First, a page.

AAFC Forecast Boosts Soybean Export Numbers

AAFC Forecast Boosts Soybean Export Numbers

on May 5 | in Ag News | by | with No Comments

Agriculture and Agri-Food Canada tweaked a couple of its numbers for soybeans in its outlook for Canada’s principal field crops, released on April 13.

For 2015-16, the forecast for soybean exports was raised by 0.1 Mt, to a record 4.2 Mt, versus 3.8 Mt in 2014-15, on support from the strong export pace which is running significantly ahead of last year to-date. The report notes that the export pace is supported by the depreciation of the Canadian dollar against the US dollar and the wide basis which gives Canadian soybeans a price advantage into world markets. These factors are offsetting pressure from burdensome world soybean supplies, according to the report.

The forecast for domestic processing of soybeans was lowered by 0.1 Mt from last month, to a still brisk 1.9 Mt, based on the slowdown in the weekly crush pace. Projected carry-out stocks are unchanged from last month at 0.38 Mt while the price outlook also remains stable from last month at $400-430/t, down slightly from 2014-15.

For 2016-17, planted area is forecast to rise by 4%, to 2.3 mln ha, on expected attractive returns compared to alternate crops. Production is forecast to decline by 8%, to 5.8 Mt, on the assumption of trend yields compared to the bumper levels experienced in 2015-16. Supplies are forecast to decrease by 9% on the combination of lower carry-in stocks and reduced production. Exports are forecast to fall by 0.3 Mt, to 3.9 Mt, on tighter domestic supplies and competition from burdensome world supplies. The domestic crush is forecast to fall by 0.2 Mt on competition from burdensome world soybean oil and meal and the tightening of domestic supplies. Carry-out stocks are forecast to fall to 0.30 Mt from 0.38 Mt in 2015-16.

Soybean prices are forecast to remain unchanged from last year, at $395/t-$435/t, as the weaker Canadian dollar offsets lower US soybean prices.

Other highlights from the report:


The Chatham corn price is forecast to increase from 2014-15 due to the weak Canadian dollar. The Chatham corn price, in-store elevator, has averaged below the previous five-year average. Although the Chatham basis levels are well above the previous five-year average the favourable exchange rate is captured in the basis workup. This crop year when comparing the nearby Chatham average price to the nearby average US corn futures average price in Canadian dollars, the spread between the two is wider than the previous five-year average. Canadian corn prices have benefitted from the soft Canadian dollar with overall higher prices than 2014-15 and this is despite a slight decline in the US corn average futures price.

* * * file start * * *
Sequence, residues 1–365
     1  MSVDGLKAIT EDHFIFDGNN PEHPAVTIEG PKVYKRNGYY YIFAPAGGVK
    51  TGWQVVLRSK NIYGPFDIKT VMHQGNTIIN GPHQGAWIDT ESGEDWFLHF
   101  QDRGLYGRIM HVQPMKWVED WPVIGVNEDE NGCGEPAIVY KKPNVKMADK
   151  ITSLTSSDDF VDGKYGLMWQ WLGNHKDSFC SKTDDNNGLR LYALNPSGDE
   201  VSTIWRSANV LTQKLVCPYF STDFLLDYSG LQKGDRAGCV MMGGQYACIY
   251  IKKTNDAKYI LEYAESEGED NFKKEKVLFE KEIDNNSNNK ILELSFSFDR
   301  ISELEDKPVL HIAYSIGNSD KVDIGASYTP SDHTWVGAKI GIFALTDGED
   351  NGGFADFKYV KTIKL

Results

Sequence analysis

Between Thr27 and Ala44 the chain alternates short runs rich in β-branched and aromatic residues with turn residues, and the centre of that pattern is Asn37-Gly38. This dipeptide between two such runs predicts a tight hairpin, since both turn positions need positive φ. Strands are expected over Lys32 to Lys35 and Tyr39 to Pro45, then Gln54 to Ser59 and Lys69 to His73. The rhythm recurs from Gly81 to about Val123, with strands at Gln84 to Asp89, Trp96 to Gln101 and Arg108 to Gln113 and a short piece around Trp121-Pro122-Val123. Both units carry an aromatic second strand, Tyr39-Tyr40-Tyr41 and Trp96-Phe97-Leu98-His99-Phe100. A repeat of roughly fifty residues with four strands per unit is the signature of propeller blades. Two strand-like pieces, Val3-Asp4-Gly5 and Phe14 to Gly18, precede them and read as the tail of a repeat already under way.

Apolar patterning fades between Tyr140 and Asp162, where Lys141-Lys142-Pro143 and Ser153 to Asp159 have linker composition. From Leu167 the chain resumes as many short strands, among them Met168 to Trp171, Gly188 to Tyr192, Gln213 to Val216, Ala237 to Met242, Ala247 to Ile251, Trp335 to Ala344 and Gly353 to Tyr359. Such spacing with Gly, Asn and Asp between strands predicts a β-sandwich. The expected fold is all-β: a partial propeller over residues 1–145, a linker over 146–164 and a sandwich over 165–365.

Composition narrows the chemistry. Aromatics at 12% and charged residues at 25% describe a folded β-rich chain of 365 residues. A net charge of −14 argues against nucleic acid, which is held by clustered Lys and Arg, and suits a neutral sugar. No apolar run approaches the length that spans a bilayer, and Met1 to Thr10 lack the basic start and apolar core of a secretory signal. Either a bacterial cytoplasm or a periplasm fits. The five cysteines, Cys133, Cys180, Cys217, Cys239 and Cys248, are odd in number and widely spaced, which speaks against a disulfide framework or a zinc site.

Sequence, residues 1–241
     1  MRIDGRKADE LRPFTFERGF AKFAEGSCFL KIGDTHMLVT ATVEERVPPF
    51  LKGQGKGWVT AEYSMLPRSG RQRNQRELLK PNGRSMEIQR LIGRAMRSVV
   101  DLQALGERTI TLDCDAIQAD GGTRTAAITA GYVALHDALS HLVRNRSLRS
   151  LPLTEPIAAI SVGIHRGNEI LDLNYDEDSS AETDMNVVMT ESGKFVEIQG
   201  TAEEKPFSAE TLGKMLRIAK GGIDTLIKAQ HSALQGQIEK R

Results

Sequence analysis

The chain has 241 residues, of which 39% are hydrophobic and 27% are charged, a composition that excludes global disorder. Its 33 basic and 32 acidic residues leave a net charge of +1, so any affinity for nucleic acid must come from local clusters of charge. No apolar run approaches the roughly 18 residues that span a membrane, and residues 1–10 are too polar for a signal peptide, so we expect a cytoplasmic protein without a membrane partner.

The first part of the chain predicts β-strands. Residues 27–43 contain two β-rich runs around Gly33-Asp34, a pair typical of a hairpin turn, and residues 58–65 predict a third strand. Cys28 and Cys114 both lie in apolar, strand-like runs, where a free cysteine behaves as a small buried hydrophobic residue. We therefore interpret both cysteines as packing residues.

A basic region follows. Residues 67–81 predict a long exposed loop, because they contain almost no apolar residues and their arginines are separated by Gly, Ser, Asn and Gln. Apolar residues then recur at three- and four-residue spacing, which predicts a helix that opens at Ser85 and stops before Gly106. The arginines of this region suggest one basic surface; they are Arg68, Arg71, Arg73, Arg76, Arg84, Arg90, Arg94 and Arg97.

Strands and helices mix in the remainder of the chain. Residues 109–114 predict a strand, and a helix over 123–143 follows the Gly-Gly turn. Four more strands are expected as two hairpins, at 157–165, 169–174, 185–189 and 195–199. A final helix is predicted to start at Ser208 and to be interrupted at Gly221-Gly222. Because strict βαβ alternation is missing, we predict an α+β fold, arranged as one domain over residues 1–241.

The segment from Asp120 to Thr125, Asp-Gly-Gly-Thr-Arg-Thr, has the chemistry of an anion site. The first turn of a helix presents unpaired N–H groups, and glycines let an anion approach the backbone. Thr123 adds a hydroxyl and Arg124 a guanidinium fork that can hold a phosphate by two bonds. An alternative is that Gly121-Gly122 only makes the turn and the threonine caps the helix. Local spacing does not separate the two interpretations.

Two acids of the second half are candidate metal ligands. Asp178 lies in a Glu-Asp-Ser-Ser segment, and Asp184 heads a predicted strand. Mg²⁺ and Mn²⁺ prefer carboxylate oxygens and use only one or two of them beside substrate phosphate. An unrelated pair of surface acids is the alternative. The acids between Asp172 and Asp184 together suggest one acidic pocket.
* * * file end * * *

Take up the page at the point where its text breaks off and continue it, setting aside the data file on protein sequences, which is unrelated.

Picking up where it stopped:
For 2016-17, seeded area is forecast to decrease by 4% from 2015-16 due higher winter wheat area in Eastern Canada and competition from other crops. Carry-in stocks are at a near-record level. Production is forecast to decrease 11% to 12.1 Mt due to the lower area and lower average yields. Imports are forecast to increase by 23% due to the lower domestic supply. Despite high carry-in stocks and increased imports, lower production will cause total supply to decrease by 3%. Total domestic usage is forecast to increase due to a small increase in ethanol production, industrial use and livestock feeding. Exports are forecast to decrease to 0.50 Mt due to the tighter total supply and strong competition from the major corn exporting countries. Carry- out stocks are forecast to decrease by 10% to 1.8 Mt and remain above the previous five and ten-year averages. The Chatham corn price is forecast to decrease from 2015-16 due to a softer US corn future’s price and a slight strengthening of the Canadian dollar.

The USDA’s 2016 Prospective Plantings showed a 6.4% increase in intended US corn area to 93.6 million acres, compared to 2015, despite earlier forecasts for lower corn prices and high input costs. The report was bearish for US corn prices. Assuming normal growing conditions and an average yield similar to last year, US corn production of 14.4 billion bushels is anticipated which has the potential to raise US corn ending stocks to over 2.5 billion bushels, a 40% increase from 2015-16. If the area increase holds the prospects for any US futures corn price turn-around appear to be very remote.


For 2016-17, area seeded in Canada is forecast to decrease by 2% as a 24% increase for winter wheat is mostly offset by a 4% decline for spring wheat. The increase in seeded area for winter wheat was in Ontario where seeding conditions in the fall of 2015 were much better than in the previous fall. The winter wheat seeded area in western Canada was nearly the same as for 2015-16. In western Canada, spring wheat has competition from durum, oilseeds and pulses which is expected to limit the seeded area. Production is forecast to increase by 4% to 23 Mt because of higher yields. Supply is expected to fall by 8% as the rise in production is more than offset by lower carry-in stocks. Exports are forecast to fall by 9% to 16 Mt because of the lower supply. Carry-out stocks are forecast to fall by 17% to 2.5 Mt.

The area seeded to winter wheat in the US fell by 8% from 2015-16 and the spring wheat area is expected to decrease by 14%, resulting in an overall decrease of 9%. Production is forecast to fall by 3.1 Mt to 52.7 Mt, while supply increases by 2.7 Mt to 82.3 Mt. Domestic use is expected to rise by 0.9 Mt and exports are forecast to rise by 1.4 Mt. Carry-out stocks are forecast to increase by 0.3 Mt to 26.7 Mt.

The average crop year producer price in Canada for wheat is forecast to be the same as for 2015-16 because support from the lower Canadian supply is expected to be offset by a slightly stronger Canadian dollar, the higher US supply and the higher world supply.

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